We all want to save the planet, but sometimes it seems as though being sustainable means a lot of extra effort - washing cloth nappies, walking instead of driving, repairing, going to zero waste shops, there's a never-ending list of 'should's. And with two small children, I already have a long enough list of things I should be doing.
But luckily there are some easy eco wins that are actually easier than the fossil-fuelled alternatives. They can reduce your carbon footprint and your ‘to do’ list at the same time - the holy grail!
Easy eco wins for baby toys
My daughter's stacking toy has a carbon footprint of around 4.4kg CO2e, which is the same as driving 6 miles in a car. By the time they're 5, the average child will have owned 190 toys. That's about 8% of your child's annual carbon footprint (assuming they are quite eco)!
But it's not just the environmental cost - studies have shown that especially for children under 5, having too many toys can have a negative impact. They feel overwhelmed and can't concentrate on one thing to learn from it.
So the solution here is simple. Buy. Fewer. Toys. That's it. But if it was actually that simple then we’d all be doing it already.
Under an increasing amount of pressure to be 'good' parents, we often turn to shopping for a quick fix. We hope that buying endless new toys will entertain and educate our children so we can put our feet up for once. Changing this ingrained behaviour is hard. However, there are some baby steps we can take in the meantime:
- Try a 'one in, one out' rule so that at least you're not increasing the amount of toys you have.
- If you have space, just move all except a few toys out of sight and see what effect it has on you and your child for a day or so. Cycle toys around if you're getting bored.
- Buy secondhand.
- Rent/borrow toys. If you have friends with children the same age, organise toy swaps so you can get all the fun of new toys without the cost to the
planet or your bank account. Whirli is a company that offers toy rental for a monthly subscription so you can access new toys in an environmentally-friendly way.
- Buy open-ended toys such as blocks, trains and dolls which encourage creativity and can be played with in many different ways.
Remember that every toy you don't buy is less fossil fuel dug up to turn into plastic, to transport it, to recycle/incinerate it. Possibly more appealingly, every toy you don't buy, is one less that you have to pick up off the floor.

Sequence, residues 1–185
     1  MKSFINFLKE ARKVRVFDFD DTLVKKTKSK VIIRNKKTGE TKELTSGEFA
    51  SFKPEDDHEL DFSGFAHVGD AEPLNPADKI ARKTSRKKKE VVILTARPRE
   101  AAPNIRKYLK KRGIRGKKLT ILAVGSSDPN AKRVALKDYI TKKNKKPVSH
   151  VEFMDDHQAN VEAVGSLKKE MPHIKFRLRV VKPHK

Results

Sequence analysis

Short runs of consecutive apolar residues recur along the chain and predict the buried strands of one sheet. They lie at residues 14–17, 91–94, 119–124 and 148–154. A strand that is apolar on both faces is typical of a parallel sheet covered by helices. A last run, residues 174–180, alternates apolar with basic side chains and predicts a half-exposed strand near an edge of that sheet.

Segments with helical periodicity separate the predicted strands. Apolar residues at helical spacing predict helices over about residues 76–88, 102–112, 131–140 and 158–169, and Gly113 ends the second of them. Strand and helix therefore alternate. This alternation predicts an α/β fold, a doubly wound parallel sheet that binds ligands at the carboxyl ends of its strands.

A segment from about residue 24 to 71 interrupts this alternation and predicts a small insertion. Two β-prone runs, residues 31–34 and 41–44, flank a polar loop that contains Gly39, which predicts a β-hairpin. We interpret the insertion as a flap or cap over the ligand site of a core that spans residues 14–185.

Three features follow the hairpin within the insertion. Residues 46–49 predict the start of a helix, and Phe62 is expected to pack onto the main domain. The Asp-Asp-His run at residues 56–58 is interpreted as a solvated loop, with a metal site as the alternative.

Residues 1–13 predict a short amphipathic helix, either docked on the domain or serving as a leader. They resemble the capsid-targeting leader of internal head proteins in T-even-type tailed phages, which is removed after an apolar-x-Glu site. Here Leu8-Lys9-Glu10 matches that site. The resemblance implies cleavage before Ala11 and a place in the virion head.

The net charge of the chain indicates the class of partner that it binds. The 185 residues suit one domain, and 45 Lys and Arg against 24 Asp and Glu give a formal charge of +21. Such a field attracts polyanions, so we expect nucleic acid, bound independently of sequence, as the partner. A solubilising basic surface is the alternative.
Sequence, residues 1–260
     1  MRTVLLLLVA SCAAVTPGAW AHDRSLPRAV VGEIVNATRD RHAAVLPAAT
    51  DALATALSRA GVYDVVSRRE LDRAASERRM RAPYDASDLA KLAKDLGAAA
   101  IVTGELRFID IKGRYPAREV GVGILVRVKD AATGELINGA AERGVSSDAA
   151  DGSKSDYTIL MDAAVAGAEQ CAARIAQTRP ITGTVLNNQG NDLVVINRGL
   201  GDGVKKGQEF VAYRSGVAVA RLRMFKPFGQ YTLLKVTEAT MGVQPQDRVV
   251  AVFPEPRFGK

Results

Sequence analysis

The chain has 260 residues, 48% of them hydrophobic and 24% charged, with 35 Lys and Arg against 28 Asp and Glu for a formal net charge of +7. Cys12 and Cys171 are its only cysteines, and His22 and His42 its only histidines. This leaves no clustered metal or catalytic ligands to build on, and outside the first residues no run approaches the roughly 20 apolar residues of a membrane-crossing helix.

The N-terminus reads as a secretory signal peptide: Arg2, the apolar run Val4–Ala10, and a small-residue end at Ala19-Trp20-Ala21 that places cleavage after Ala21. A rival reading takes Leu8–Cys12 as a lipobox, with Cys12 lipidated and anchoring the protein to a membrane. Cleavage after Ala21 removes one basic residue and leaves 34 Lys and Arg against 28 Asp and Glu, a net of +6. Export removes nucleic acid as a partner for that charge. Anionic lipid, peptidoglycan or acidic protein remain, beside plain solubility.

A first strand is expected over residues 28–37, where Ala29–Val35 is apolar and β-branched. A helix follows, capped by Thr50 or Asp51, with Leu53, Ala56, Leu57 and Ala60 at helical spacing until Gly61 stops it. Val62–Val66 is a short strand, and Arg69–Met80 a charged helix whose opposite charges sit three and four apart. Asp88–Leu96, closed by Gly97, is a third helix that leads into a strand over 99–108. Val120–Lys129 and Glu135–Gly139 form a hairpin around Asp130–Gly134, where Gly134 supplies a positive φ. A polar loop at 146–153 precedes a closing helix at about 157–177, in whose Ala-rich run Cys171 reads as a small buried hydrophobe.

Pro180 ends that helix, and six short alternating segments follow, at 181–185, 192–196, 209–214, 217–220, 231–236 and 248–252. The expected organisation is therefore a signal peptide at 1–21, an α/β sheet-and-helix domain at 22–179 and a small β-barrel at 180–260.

Easy eco wins for baby clothes
The carbon footprint of a baby grow is approximately 10kg CO2e, assuming that it's worn 25 times (using data from the Carbon Trust). If you have 30 items for your baby in one size, that's 300kg CO2e. Multiple that by the five sizes they go through in their first year and you've got 1.5 tonnes CO2e, or 15% of your child’s total carbon footprint for that year! So just buy less. (Have you noticed the theme yet?)
Having a capsule wardrobe of say 15 items will cut that carbon footprint in half and you'll have saved the equivalent of flying from London to Glasgow and back again, and then back again once more! And if those clothes are organic cotton, you've reduced your global warming potential by another 46%.
A capsule wardrobe isn't just easy on the planet and your wallet, it makes it a lot easier to see what clothes you have and dress your baby in something coordinating. Renting baby clothes is an even better option here as you can so easily change items when they're too small, without the guilt of that huge carbon footprint from buying new. It also means less work for you as you don’t have to sort items for donating, recycling, or resell. Another thing off your list!
Easy eco wins for washing
As you may have noticed, there is a lot of washing involved with small people - them, their clothes, and everything around them. Firstly a daily bath for your little one will use between 2 and 10% of their yearly carbon footprint. Quite a lot for something they might only sit in for 5 minutes. Obviously just making the bath shallower will help, or just bathe them less often. And once they’re in the bath, try skipping their next scheduled hair wash – children’s hair doesn’t need frequent washing and, especially if they don’t like it, it will make everyone’s life easier.
Every night after bathtime (if we have it!), I turn to the inevitable pile of laundry. According to WRAP, about a third of the carbon footprint of your clothes comes down to washing and drying. Obviously you can impact this quite dramatically by washing on low and line drying. You could also try using an eco egg which will reduce the amount of plastic detergent bottles, has no chemicals to irritate your babies skin, and is a lot cheaper. But the easiest thing is to just... wash less.
If you can make your baby clothes go two wears instead of one each time, you've not only halved your washing carbon footprint, you've halved the laundry you have to do! If you're fussy about the odd bit of weetabix, you can always spot clean it by running that part briefly under the tap, or wiping with a damp cloth. Otherwise, just accept that they will get it dirty as soon as they put it on again, so you may as well relax and feel smug in the knowledge that you're doing your bit for the planet.
As for ironing, I'm assuming that no one has the time or inclination to iron baby clothes, but if you do, know that each time you iron something, you're emitting about as much greenhouse gas as a standard disposable plastic bag. So don't.
So, do less. Buy fewer clothes. Wash less. Buy fewer toys. Tidy less. Save your sanity and the planet.
Carbon footprints taken from How bad are bananas? The carbon footprint of everything by Mike Berners-Lee. Yearly carbon footprint percentages based on 10 tonne lifestyle.